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Elsewhere on the Titan, Seven of Nine (Jeri Ryan) continues investigating the Changeling situation and discovers that the Transporter Officer that the Changeling was masquerading as had been killed days before Picard and Riker boarded the ship or brought Jack on board—meaning the plot to sabotage the vessel was in place long before Picard even received the message from Beverly. She immediately reports her findings to RIker who cautions her to keep them to herself, because they might kill what little morale remains onboard the ship. He also decides not to reinstate her, since she is more help in an unofficial capacity because she can kill the Changeling without jumping through Starfleet’s hoops.

Despite Riker’s advice to keep her investigation under wraps, Seven goes to Shaw with her discovery and asks him for his help: which is a surprise to both of them. Seven recognizes that out of everyone on board, Shaw knows his crew better than anyone else. If anyone is going to recognize a Changeling, it’s going to be him. Shaw imparts what little knowledge he has about Changelings to Seven, and sets her off on a mission to find the Changeling’s pot—but not the fun kind.

On the other side of the nebula, Vadic (Amanda Plummer) reports to a fellow Changeling about the search for Jack Crusher and calls it a suicide mission to attempt to follow the Titan into the nebula, but that is of little consequence to the other Changeling. Vadic is, apparently, expendable—and not at the top of the food chain. This brief interlude creates even more questions about what the Changelings want from Jack, and by extension Picard.

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Speaking of Picard, the episode’s second flashback picks up on the tail end of Picard’s war stories, which have attracted even more star-struck cadets. One of the cadets asks him about his various exploits with the late Jack Crusher, which prompts Picard to dive head-first into a story about a “no-win scenario” which is where the episode’s title hails from. As he tells his tall tales of heroics and reckless antics, Picard is entirely unaware of the fact that it isn’t just cadets listening to his story.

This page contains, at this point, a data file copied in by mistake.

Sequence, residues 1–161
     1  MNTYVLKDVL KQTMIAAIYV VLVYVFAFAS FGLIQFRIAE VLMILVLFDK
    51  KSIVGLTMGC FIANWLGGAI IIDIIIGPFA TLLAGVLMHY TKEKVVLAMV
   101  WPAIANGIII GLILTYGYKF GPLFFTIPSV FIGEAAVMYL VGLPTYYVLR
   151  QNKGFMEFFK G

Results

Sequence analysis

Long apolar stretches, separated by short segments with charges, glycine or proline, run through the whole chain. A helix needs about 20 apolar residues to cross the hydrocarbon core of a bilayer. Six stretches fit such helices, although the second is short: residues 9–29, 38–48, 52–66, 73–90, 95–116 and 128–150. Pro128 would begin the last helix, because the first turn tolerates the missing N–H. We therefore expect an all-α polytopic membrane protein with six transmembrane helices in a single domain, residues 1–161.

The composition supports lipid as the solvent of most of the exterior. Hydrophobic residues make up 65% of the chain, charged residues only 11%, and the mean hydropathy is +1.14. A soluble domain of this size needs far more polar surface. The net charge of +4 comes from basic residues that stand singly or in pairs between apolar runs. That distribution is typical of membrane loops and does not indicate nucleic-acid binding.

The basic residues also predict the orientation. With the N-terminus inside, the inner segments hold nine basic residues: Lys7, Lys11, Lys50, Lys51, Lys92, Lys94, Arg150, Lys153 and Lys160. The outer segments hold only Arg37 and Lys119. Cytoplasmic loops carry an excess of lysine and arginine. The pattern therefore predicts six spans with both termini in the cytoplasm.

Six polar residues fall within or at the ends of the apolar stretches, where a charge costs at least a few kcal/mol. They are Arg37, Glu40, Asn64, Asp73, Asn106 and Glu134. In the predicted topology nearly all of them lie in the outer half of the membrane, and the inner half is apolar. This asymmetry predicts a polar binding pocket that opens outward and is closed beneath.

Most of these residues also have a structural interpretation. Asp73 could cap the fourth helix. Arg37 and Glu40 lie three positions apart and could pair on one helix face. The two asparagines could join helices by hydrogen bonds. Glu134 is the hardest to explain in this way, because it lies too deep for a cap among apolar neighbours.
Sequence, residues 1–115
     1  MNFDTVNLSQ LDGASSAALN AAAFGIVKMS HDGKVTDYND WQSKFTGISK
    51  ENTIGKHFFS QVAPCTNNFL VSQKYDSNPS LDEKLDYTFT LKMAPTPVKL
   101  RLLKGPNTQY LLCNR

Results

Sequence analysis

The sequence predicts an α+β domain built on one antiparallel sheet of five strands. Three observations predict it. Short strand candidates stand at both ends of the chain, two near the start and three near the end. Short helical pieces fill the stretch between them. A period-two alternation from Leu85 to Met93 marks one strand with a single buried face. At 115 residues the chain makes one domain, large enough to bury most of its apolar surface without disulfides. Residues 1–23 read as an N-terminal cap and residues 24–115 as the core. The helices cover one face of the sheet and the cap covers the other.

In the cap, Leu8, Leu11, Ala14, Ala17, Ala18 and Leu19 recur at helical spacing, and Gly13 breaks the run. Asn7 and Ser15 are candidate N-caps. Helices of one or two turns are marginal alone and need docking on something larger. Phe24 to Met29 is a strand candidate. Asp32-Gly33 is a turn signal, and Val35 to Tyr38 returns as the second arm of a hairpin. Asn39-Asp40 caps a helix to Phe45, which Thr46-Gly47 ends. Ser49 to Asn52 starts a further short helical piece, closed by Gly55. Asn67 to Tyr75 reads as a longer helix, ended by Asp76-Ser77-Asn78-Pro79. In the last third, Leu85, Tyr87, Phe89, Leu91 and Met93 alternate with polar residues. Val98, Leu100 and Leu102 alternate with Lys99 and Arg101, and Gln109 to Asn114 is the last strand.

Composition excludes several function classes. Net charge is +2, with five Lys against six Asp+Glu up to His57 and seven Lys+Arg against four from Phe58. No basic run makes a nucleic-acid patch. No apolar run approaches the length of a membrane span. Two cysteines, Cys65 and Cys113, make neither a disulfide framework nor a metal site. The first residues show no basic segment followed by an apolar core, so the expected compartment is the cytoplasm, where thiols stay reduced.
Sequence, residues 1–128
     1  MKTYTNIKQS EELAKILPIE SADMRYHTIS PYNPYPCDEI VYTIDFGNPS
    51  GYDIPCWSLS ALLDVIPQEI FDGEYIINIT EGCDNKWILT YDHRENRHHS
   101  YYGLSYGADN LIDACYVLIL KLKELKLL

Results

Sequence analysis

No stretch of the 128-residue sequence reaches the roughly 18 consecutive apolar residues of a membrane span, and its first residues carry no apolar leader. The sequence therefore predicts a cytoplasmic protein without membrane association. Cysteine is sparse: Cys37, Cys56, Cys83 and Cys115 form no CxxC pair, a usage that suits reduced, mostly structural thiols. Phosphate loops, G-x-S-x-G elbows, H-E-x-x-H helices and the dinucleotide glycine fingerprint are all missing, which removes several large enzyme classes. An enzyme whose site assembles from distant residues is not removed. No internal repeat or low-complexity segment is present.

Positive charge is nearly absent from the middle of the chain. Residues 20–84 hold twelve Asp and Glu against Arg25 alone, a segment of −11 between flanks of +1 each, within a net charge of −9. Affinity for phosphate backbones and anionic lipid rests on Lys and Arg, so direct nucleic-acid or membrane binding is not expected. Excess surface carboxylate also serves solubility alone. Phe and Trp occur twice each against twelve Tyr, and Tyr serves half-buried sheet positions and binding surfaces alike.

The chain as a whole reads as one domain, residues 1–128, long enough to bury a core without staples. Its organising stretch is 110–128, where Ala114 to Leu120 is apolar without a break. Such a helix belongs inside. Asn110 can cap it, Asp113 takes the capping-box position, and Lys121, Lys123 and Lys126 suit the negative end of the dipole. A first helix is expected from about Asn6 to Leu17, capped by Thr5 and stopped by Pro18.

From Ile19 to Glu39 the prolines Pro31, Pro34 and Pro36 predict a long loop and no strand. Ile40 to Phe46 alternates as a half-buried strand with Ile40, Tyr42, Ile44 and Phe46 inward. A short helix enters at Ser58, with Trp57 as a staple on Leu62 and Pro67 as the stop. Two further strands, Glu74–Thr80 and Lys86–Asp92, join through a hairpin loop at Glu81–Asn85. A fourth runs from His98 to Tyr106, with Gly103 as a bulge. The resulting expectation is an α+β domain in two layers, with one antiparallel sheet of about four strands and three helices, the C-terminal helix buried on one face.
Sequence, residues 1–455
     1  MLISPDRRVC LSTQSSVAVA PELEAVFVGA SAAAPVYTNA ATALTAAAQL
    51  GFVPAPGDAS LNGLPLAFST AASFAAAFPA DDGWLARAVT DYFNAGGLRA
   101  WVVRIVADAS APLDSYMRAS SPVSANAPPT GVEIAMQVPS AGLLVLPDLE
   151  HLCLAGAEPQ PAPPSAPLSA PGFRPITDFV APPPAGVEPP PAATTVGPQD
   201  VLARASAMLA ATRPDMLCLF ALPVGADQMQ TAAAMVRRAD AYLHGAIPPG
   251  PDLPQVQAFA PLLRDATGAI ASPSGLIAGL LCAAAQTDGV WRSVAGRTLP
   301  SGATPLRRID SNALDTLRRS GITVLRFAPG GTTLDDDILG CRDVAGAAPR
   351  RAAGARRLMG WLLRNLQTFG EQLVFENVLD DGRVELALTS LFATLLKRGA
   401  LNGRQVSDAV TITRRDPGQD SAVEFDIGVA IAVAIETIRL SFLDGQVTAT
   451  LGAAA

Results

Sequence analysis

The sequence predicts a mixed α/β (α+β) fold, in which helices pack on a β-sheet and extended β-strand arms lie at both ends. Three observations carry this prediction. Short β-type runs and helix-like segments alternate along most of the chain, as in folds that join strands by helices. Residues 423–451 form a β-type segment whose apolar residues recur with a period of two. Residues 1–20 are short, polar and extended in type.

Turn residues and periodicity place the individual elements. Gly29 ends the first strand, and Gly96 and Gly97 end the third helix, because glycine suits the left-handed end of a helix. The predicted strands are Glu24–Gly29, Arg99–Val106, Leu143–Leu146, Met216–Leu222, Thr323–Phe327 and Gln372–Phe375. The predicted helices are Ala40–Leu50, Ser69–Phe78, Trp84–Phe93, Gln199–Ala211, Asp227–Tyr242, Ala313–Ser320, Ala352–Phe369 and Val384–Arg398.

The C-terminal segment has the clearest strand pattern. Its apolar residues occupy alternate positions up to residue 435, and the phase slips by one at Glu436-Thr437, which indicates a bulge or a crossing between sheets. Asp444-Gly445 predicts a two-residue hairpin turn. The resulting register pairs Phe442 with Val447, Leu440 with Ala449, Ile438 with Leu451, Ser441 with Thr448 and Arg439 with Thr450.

Meanwhile, back on the Holodeck, more crewmembers are slowly filtering into 10 Forward, looking for an escape from reality. Picard and Jack are more than happy to share the Holodeck, especially Jack who seems very over the father-son bonding time. Jack admits that he doesn’t need this, and he isn’t trying to be harsh about it—it’s just the facts. In a rare moment for Picard, who has been so very good at keeping a safe distance from everyone around him, he admits that he’s the one that needs this moment with Jack. Jack might be fine with not needing a connection, but everyone needs them, especially Picard.

Later on, as the Holodeck continues to fill up with wayward crewmembers, Jack asks Picard about what the worst jam he has ever been in was. This leads to Picard relaying the same story he told to the cadets in 10 Forward five years ago. Picard admits that even though it may seem like an odd choice for Beverly to name him after her late husband, Picard would have done the same because Jack Crusher was his very best friend. As Picard revels in the memory of how the two friends inched their way home after screwing up big time on an unsanctioned trip, he realizes that Jack has definitely heard the story before—there’s something very knowing about his expression. He assumes, incorrectly, that Jack knows the story because his mother told it to him. Before Jack has the opportunity to correct him, Captain Shaw makes his grand appearance on the Holodeck.